Don’t be that boring traveler who never experiments! Peru’s local cuisine is full of flavors and spices. Due to its multiethnic background over five centuries, Peruvian cuisine contains huge influences from Spain, France, Germany and the Chinese, who arrived to Peru in the 1850s. Seafood takes over most menus, and you’ll taste stir fried and grilled meats covered in heavy sauces. Venture out in Lima’s chain restaurants such as: Tanta or Segundo Muelle (there are several of each located throughout the city), so you can indulge in traditional and fresh Peruvian dishes.
Ready for a high protein, low-gluten kind of breakfast? Quinoa is any Peruvian’s breakfast of champions. In Lima, you’ll find street vendors that sell hot and/or cold quinoas, mixed with fruits. Think grains cooked down similar to Asian porridge served in little mugs. If you’re looking for something to kickstart the day, a mug of quinoa will be jam-packed with energy!
You’ll see causas on every menu. Imagine chicken or egg salad made with yellow potatoes, and stacked with tuna, trout, shredded chicken, crabs, hard boiled eggs, beets, corns, tomatoes, and avocado. All blended with oil, lime juice and aji amarillo (Peruvian yellow chili pepper). If you’re a big fan of potato and egg salads, then you’ll dive right into this one.
If Peruvians were to label one thing as their national dish, ceviche would be it. Raw fish, citrus juice, lots of chewiness mixed with local vegetables and again with aji amarillo. If you’re not familiar with ceviche, then you should know that the acid in the citrus juice cooks the raw fish, while marinating it with tons of flavors. If you’re up for it, drink up the ceviche juice after eating the raw fish. #Instanom.
4. Pisco Sour
One cocktail to order every night: the Pisco Sour, which incorporates fresh lime juice with sugar, egg white, and Angostura bitters. It tastes dry and tarty. Peruvians will make them with local fresh fruits such as passion fruits or mangos, try them all if you love a good, tarty, sour cocktail.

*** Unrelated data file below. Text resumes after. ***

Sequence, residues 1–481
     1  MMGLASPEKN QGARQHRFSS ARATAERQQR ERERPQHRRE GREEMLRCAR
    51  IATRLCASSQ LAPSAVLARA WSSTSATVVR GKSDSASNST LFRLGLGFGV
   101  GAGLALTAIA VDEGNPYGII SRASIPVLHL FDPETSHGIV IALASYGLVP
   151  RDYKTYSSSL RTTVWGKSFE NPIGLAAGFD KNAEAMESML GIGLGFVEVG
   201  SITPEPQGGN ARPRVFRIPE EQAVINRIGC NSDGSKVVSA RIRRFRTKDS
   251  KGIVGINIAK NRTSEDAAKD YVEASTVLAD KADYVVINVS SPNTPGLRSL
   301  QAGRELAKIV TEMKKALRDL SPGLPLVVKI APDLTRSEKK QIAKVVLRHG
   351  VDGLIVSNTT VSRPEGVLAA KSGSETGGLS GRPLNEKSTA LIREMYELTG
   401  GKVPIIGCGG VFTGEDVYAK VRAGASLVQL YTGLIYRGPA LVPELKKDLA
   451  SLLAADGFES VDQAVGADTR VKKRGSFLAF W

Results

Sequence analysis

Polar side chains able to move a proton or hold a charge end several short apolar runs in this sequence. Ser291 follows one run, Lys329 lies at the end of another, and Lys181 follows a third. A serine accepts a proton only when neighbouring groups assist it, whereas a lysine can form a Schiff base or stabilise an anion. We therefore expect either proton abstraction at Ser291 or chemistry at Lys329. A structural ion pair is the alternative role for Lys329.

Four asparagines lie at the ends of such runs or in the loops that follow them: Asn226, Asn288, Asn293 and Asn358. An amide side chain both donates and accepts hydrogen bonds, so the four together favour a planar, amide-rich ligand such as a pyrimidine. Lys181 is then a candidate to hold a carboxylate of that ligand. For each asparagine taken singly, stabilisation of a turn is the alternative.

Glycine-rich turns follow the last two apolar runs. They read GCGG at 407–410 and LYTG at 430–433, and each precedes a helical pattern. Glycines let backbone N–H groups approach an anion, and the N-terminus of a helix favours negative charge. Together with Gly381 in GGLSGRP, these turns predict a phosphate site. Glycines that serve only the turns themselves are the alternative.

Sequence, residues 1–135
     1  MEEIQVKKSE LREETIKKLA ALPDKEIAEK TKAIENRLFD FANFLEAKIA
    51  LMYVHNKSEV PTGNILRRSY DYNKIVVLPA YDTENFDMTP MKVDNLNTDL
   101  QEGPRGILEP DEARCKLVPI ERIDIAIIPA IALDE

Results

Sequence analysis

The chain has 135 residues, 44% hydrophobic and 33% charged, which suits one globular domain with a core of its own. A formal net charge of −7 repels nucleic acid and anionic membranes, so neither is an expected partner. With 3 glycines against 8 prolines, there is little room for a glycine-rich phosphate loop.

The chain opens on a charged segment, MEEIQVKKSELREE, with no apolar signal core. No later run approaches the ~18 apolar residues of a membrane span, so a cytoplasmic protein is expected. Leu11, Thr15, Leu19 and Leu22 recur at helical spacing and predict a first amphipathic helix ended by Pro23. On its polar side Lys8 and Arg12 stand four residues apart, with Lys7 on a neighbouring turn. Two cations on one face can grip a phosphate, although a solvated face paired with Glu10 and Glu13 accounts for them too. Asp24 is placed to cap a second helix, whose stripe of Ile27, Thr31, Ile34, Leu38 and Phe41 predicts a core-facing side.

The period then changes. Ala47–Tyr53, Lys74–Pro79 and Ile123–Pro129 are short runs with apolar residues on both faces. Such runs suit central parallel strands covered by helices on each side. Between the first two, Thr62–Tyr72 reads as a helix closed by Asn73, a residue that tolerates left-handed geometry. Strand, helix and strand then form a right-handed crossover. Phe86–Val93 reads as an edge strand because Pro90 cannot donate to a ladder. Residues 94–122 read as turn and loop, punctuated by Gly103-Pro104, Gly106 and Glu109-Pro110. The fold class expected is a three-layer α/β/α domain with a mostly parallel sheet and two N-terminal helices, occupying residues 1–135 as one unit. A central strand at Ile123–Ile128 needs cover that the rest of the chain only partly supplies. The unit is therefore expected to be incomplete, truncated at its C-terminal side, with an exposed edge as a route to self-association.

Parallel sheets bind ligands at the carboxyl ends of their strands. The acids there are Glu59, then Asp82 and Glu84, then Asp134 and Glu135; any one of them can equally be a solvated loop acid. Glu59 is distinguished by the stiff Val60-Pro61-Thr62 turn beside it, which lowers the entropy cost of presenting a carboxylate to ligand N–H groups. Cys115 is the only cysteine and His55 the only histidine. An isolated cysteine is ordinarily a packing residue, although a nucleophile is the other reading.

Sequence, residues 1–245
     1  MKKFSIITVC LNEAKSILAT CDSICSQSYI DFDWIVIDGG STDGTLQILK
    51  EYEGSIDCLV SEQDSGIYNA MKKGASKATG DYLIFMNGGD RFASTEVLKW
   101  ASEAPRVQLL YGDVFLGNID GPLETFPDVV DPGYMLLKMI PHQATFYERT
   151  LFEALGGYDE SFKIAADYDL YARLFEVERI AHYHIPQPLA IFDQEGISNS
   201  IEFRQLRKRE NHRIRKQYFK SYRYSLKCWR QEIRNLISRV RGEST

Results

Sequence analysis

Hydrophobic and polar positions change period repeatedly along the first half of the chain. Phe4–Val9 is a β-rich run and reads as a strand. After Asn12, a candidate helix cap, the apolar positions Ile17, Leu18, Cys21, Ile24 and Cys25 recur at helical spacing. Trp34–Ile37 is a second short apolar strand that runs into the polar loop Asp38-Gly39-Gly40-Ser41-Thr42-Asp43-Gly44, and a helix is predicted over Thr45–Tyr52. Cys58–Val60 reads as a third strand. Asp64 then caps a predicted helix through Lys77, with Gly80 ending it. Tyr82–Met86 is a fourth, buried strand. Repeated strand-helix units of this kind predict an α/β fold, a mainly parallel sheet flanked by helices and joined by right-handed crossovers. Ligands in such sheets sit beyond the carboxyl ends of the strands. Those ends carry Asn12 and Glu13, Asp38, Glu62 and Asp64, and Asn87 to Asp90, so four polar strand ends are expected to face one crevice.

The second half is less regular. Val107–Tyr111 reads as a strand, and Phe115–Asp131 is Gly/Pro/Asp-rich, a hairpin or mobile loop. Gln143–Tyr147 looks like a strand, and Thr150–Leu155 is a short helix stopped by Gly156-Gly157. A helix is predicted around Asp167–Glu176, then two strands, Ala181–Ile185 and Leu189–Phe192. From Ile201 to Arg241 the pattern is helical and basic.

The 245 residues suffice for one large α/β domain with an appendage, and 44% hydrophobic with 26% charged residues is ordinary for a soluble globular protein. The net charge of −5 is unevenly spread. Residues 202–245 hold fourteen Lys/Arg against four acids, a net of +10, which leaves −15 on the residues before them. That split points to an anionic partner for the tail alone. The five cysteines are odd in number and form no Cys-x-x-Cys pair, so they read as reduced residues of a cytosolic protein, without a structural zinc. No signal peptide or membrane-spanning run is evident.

5. Lomo Saltado
Talk about a multiethnic dish! A good lomo saltado is infused with lots of Chinese-Peruvian flavors called: chifa – a way of cooking that involves vinegar, soy sauce and spices to marinate pieces of beef. Then they’re cooked and sautéed with onions, tomatoes, chili and potatoes. Another traditional dish you’ll see on every menu, and so hearty!
6. Japanese Food
Don’t be surprised if you stumble upon an abundance of Japanese restaurants in Lima, and they all serve fantastic dishes, mainly because Peruvian ingredients pair very well with Japanese flavors. You’ll probably see tiradito on menus, just think carpaccio or sashimi drenched in spicy sauces. If you’re not afraid of raw fish, definitely indulge in tiradito or Peruvian style sushis.
7. Aji de Gallina
Too much seafood and ready to switch it up? Aji de gallina is a lovely choice and a local classic. Typically chicken served with a creamy and spicy sauce that appears yellow from aji amarillo. The sauce will also contain walnuts at times. Served with rice, potatoes, a hard boiled egg and olives.
Aka: guinea pig. If you’re not down with eating rodents, then stop right here. But guinea pigs are a big deal in Peruvian cuisine, which has been described as similar to the tastes of chicken or rabbit. Typically baked or barbecued and then served whole, guinea pigs are a staple in native Andes’ homes. Nowadays, chefs are creating dishes where you won’t even recognize the meat as cuy. So just maybe, ordering it won’t be as crazy as it sounds.
Peru’s version of kebabs are anticuchos, which can be discovered on street carts. They’re usually made with beef hearts, marinated in vinegar, cumin, aji pepper and garlic. If beef hearts are too adventurous for you, you can also choose other types of meats and they’ll be served with boiled potatoes or bread.
10. Conchitas a la Parmesana
Conchitas are bay scallops with Parmesan cheese, broiled for a few minutes until the cheese is bubbling and golden while the scallops remain fresh and semi-raw. Another standard dish on every restaurant menu which you’ve got to devour.
11. Inca Kola
A soft drink made with lemon verbana that was created by José Robinson a British immigrant in Peru back in 1935. Inca Kola is yellow and tastes like bubblegum-flavored cream soda. Hmmm…what’s not to love? Just don’t ask for the diet option, there’s none of that beeswax in Peru.
12. Lucuma Ice Cream
Lucuma is a subtropical fruit grown mainly in the Andean valleys. The actual fruit looks like a mango and tastes like custard. If you can’t find them as a flavor of ice cream then order it as a dessert dish. If you’re craving for maple syrup, lucuma will hit the spot.
13. Peruvian Coffee
You may now this already, but Peru is one of the largest producers of coffee in the world. In addition, it’s also one of the major producers of organic and fair trade coffee beans. They’re strong with major kick. Need something greater than your alarm clock to start the day? Get your Peruvian coffee on!